Being an extremely decisive person, it is uncommon for me to go very long without forming an opinion about something–particularly a book. It bothers me loads when this happens. I realized today that, sometimes, worldviews are slightly varied such that I can’t fully reject what an author is saying, but I also can’t agree with everything the book says. That’s where I’ve landed with Still Waiting by Ann Swindell.
I googled Ann to learn a little more about her; she seems like a fabulous gal! I believe that she loves the Lord and His Word. I believe she wants to apply it to her life in the most honest way possible. She has struggled for decades with trichotillomania, which is “a mental disorder that involves recurrent, irresistible urges to pull out hair from your scalp, eyebrows or other areas of your body, despite trying to stop.” (Mayo Clinic). I can completely understand why she would seek deliverance from this issue, though the reasons are likely different from why I would seek to be rid, once and for all, of Lyme disease. Both circumstances offer their own set of life challenges.
But, out of the gate, I think we are coming from two different angles.
While I suspect the author would agree that God is the great (and only) Heart-Changer, the majority of the book focuses on her desire for two things: relief from the desire to pull (behavioral change) and physical healing. She mentions very early in the book that anxiety was the onset cause of her trichotillomania. Anxiety . . . a heart issue, not a physical issue. (One could argue that a predisposition to anxiety is genetic, which could be true; but I would counter by wondering, if one predisposed to anxiety were removed from the environment containing the pre-exisiting anxiety, would he still struggle with anxiety? Is it nature or nurture that brings anxiety bubbling to the surface?)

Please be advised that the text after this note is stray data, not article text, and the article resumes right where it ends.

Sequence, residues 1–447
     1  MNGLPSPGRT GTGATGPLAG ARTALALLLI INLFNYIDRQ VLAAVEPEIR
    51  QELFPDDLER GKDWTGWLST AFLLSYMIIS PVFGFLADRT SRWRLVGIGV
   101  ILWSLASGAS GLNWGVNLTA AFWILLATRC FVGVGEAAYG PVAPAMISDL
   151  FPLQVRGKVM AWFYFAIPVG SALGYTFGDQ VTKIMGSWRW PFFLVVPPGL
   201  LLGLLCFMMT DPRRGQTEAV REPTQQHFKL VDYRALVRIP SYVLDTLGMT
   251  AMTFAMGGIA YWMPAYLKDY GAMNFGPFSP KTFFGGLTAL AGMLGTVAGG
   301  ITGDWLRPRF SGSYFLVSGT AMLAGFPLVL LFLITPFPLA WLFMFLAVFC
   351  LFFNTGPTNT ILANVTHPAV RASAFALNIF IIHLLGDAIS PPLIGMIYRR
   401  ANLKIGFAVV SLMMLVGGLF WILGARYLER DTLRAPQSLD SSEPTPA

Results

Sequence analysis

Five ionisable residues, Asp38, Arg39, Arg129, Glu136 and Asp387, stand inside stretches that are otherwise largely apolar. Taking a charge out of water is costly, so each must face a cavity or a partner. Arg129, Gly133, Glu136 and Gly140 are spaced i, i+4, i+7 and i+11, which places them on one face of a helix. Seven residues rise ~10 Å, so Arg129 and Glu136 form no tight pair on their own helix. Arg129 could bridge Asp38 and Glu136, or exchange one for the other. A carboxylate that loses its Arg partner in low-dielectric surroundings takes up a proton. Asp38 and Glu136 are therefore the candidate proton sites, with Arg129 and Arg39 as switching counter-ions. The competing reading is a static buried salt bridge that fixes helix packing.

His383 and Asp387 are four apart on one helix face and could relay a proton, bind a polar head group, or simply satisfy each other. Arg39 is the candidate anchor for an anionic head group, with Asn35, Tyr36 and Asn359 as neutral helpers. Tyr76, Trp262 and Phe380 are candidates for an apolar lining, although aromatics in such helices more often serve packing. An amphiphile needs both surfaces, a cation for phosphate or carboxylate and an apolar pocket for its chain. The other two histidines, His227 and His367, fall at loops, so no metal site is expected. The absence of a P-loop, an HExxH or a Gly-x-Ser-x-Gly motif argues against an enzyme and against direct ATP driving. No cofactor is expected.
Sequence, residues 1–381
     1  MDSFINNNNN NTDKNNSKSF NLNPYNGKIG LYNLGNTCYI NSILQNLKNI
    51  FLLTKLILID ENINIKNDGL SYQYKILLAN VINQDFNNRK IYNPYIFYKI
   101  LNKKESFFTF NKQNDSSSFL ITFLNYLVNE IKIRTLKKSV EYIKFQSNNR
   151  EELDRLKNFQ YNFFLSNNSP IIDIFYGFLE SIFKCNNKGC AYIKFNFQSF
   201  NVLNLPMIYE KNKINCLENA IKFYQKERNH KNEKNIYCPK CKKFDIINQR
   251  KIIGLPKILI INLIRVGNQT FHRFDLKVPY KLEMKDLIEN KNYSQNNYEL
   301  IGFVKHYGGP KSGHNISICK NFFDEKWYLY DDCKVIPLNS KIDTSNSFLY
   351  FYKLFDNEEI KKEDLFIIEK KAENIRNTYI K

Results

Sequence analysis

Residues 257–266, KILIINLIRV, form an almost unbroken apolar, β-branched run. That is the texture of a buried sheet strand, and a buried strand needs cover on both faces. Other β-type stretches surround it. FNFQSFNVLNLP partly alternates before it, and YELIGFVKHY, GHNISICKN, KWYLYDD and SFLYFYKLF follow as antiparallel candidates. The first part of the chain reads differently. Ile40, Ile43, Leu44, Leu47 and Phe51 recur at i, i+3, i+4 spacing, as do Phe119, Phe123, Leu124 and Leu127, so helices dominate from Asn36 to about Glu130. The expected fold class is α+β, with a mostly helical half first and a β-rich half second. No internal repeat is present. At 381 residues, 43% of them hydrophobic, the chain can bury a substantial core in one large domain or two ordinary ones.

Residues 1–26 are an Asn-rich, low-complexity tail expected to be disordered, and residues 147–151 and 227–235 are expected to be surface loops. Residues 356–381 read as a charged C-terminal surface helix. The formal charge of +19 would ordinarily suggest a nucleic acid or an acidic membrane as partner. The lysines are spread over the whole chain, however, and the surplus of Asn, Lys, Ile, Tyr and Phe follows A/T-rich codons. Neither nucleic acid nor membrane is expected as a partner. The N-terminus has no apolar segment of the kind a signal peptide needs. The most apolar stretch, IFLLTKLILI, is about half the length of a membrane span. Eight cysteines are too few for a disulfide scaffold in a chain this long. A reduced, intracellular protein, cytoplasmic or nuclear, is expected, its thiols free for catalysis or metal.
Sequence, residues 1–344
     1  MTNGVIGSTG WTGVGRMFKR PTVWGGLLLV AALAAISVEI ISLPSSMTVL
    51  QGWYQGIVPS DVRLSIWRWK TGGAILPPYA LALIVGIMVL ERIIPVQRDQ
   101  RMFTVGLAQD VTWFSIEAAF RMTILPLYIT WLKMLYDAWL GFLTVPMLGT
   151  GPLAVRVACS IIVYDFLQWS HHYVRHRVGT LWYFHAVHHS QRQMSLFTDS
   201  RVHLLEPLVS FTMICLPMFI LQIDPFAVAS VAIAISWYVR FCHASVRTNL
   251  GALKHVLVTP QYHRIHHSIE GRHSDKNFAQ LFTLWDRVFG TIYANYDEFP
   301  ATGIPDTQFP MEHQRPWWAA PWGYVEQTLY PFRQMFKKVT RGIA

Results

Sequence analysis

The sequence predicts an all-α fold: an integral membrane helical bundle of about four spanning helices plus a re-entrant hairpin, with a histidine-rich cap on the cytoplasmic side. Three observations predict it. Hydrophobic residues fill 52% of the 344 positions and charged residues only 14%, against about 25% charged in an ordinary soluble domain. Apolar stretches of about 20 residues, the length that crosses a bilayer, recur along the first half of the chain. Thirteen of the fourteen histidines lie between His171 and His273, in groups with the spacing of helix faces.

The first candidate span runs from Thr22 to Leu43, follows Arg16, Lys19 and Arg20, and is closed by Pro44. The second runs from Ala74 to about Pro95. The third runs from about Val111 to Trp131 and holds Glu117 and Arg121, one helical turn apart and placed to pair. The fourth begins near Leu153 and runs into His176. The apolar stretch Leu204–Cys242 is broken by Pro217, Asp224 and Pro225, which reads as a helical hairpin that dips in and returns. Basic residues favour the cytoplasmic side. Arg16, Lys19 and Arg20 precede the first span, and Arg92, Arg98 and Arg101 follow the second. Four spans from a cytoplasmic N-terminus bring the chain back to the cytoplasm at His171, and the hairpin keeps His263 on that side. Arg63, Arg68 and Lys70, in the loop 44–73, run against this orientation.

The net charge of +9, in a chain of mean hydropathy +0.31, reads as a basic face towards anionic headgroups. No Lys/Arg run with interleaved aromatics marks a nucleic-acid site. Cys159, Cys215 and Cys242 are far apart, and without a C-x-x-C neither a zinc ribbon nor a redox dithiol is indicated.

I waited and waited for the chapter that told about the author’s experience in repenting of this anxiety (with which she continues to struggle) and finding freedom to live within the freedom that comes from that (even if she still pulled). But it never came.
Please don’t read that I am judging her heart; that’s not my place. I don’t know her and can’t know what she is thinking and feeling, aside from what I just read. She probably has asked the Lord to relieve her anxiety. But since that one chapter (an important one, in my mind) is missing from this book, I can’t fathom giving it to someone who struggles with anxiety and has claimed it as her identity (e.g., “I just have an anxious personality.”). I wouldn’t feel right having someone come away from a book without being encouraged to address the root of the issue. In my experience, when I am anxious it is because I have stopped trusting the Lord for some reason or another. There is no permanent, medical solution for anxiety; but there is a God who is able and trustworthy, and Who commands us not to be anxious.